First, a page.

asked Her Majesty's Government:
Whether the Housing Corporation is seeking to merge all black and minority ethnic (BME)-led housing associations into larger white-led associations and [HL5662]
How many black and minority ethnic (BME)-led housing associations existed in 1997; and how many exist now; and [HL5663]
Whether they plan to promote the development of black and minority ethnic (BME)-led housing associations and social enterprise projects. [HL5664]
The Housing Corporation is not seeking to merge all BME-led housing associations. All decisions concerning the merger of housing associations—BME or otherwise—are taken by the governing bodies of those associations. Where a new group structure is created or an existing one amended, the corporation will need to approve the registration of any new body or the constitutional changes required to effect the new structure. When considering proposals for new group structures and mergers, the corporation's registration committee takes into account a number of factors including how simple, clear and straightforward the governance structures are.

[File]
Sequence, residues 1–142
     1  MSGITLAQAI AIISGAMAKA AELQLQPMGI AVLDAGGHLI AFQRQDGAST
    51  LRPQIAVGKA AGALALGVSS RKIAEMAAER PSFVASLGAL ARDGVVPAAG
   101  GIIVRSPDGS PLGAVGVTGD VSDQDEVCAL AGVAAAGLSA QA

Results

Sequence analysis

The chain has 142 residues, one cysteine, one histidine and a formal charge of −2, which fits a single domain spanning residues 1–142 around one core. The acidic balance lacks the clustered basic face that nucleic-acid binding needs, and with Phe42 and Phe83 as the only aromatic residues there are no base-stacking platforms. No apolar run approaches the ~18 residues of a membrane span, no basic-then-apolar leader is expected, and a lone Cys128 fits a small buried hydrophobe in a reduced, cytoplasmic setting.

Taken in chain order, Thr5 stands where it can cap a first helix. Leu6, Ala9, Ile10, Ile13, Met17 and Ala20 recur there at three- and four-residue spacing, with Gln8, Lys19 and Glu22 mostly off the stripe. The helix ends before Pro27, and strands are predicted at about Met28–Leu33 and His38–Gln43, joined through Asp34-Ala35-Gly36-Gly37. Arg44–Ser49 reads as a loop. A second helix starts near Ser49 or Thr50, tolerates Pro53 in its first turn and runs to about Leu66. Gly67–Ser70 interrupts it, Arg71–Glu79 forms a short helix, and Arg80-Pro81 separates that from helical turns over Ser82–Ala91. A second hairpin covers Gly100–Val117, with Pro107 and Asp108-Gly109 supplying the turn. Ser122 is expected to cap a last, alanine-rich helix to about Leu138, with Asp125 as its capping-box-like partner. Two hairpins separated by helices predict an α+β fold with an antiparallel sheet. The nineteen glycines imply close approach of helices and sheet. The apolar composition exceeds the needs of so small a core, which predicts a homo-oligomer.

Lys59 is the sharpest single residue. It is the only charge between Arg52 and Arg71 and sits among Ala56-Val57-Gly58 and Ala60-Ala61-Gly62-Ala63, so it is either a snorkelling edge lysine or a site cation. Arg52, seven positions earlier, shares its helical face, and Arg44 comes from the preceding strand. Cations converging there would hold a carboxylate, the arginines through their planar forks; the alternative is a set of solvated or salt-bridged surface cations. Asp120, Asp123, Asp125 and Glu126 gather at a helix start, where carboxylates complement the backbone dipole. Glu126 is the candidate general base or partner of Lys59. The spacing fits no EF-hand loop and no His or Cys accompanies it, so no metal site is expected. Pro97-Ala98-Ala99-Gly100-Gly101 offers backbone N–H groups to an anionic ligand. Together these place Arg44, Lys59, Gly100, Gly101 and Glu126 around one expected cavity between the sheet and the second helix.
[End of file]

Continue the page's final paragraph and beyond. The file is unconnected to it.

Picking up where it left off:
There were 56 BME associations in 1998 and 65 in 2008. These figures are derived from Housing Corporation regulatory and statistical return (RSR) data. BME associations are defined by having either 80 per cent BME members on their board or self-declared BME association. Figures for 1997 are not available.
The Government recognise the contribution that all housing associations, including BME-led housing associations, make through housing and neighbourhood and community-focused services; and the need to ensure that they have the capacity to effectively respond to the needs of the diverse communities they serve. This will remain an important focus for the new Homes and Communities Agency and the Tenants Services Authority. Both agencies are committed to responding to the needs and circumstances of BME communities.